Iris Young makes the simple but critical point that for the marginalized admission into democratic institutions provides no guarantee of inclusion into democratic processes. Indeed, such admittance may signal a deeper and more insidious form of domination.
Though formally included in a forum or process, people may find that their claims are not taken seriously and may believe that they are not treated with equal respect. The dominant mood may find their ideas or modes of expression silly or simple, and not worthy of consideration. They may find that their experiences as relevant to the issues under discussion are so different from others’ in the public that their views are discounted. I call these familiar experiences internal exclusion, because they concern ways that people lack effective opportunity to influence the thinking of others even when they have access to fora and procedures of decision-making.
Iris Young, Inclusion and Democracy, p. 55.
Internal exclusion is chronically under-appreciated and Young claims that the fault for this rests in part on the theoretic privileging of rational, dispassionate argumentation, convergences of understanding, and isolated centres of deliberation. Once we admit the problem, Young contends, we can expand our conception of communication to include all the supporting practices and locations of mutual acknowledgement (what Young calls ‘greeting’), rhetorical appeals aimed at understanding, and narrative. In the end, the difference that is permitted to express itself in the public sphere represents not an obstacle but a democratic resource for promoting justice.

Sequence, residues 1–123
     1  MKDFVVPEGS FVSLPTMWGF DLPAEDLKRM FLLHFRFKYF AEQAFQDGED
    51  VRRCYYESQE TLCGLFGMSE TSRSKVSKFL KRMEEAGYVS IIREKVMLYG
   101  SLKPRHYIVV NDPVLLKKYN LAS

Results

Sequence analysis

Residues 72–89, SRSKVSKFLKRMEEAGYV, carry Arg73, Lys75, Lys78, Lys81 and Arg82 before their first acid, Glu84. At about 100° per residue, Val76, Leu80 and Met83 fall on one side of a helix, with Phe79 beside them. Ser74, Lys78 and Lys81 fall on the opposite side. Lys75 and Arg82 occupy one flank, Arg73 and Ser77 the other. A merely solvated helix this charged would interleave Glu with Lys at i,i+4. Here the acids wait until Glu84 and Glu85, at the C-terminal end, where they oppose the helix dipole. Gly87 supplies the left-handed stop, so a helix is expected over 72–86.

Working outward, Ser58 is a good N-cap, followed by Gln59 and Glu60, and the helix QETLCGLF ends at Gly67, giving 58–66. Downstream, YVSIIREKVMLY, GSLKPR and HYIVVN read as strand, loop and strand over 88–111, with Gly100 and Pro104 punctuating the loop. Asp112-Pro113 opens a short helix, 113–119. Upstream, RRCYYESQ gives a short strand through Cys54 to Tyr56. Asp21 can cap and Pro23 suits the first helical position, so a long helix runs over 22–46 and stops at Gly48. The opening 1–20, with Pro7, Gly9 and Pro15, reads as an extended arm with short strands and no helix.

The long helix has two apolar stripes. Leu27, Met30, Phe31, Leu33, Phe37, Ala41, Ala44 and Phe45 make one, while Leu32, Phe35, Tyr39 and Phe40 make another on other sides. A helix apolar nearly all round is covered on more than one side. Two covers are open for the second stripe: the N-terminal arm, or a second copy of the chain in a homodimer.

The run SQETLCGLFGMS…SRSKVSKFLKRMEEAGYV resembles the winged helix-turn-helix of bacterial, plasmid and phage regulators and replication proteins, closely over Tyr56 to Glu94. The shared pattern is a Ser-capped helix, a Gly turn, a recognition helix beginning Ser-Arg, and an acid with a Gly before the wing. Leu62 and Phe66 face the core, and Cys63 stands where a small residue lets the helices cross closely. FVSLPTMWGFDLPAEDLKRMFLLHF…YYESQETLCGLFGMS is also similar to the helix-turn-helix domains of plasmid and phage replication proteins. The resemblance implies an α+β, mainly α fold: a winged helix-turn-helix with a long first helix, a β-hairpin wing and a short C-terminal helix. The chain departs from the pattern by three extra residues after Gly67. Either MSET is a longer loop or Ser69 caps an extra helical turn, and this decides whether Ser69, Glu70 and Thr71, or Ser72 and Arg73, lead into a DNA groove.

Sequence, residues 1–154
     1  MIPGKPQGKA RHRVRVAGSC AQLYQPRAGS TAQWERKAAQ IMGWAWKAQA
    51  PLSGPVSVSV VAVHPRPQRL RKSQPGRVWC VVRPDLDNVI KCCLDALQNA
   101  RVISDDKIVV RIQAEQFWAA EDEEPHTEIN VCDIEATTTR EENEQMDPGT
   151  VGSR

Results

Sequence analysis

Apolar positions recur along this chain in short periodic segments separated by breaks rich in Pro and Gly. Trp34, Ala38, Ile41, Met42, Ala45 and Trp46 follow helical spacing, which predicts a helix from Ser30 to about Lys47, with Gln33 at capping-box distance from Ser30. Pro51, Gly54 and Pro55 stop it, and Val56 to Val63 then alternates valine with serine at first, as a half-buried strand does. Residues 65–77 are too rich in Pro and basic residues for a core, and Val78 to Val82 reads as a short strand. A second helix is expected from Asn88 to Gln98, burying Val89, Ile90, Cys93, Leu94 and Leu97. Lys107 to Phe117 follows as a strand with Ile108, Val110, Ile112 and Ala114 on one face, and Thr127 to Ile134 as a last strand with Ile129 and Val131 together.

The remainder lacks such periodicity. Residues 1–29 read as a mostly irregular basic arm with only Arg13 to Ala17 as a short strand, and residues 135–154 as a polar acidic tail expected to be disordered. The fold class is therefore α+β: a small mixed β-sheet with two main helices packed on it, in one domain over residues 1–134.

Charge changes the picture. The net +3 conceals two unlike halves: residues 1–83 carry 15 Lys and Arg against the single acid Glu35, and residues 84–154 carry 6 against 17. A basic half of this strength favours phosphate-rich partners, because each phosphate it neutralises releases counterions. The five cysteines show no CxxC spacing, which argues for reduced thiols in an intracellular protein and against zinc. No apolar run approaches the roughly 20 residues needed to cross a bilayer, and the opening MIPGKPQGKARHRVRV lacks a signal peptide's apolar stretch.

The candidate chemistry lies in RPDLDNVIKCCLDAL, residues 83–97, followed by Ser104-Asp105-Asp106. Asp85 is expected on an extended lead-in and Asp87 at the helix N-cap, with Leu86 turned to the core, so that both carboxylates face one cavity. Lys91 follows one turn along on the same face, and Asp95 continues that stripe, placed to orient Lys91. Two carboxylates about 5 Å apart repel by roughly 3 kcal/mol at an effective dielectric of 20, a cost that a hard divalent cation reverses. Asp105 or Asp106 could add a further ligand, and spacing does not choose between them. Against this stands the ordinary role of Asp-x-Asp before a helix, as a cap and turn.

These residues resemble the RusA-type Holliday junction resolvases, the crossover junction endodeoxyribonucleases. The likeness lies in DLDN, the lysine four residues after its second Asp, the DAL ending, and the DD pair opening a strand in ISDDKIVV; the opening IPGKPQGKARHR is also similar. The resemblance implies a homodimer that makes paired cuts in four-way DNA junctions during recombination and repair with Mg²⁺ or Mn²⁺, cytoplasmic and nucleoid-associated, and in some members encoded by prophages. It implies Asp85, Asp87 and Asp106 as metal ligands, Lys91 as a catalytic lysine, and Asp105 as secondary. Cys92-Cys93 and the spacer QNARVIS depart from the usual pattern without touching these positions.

If I could add anything to Young’s profoundly insightful points, it would be to caution against the assumption that admitting a greater diversity of communicative practices necessarily leads to a more inclusive public life. It seems reasonable to suggest that a greater diversity of modes of communication would engender a greater diversity of meanings, but only if we follow a semantic interpretation of linguistic communication according to which the meaning of an utterance is located in the utterance itself. Yet as Young has made clear in her arguments for the necessity of ‘greeting’ and ‘care for bodies’ in productive deliberation, the meaning of speech is generated by much more than its set of symbols and representations.
I would go so far as to propose that we abandon altogether any model of communicative meaning which subordinates ‘care for bodies’ to argument, offering instead that the meaning of utterances, including rhetoric and narrative, are derivative of the immediate pragmatic, affective and embodied context. The meaning of a word is not located in the word itself (semantics), or even in the word given a certain context (pragmatics), but rather, in the context within which are words are uttered. Argument, then, plays a supporting role in articulating the meanings already present and unfolding within bodily interactions. On this account, internal exclusion works by allowing marginalized groups to say whatever they want while removing the conditions that render those utterances meaningful. Accordingly, deepening democracy requires that we attend to the contexts which occur beyond and before discourse.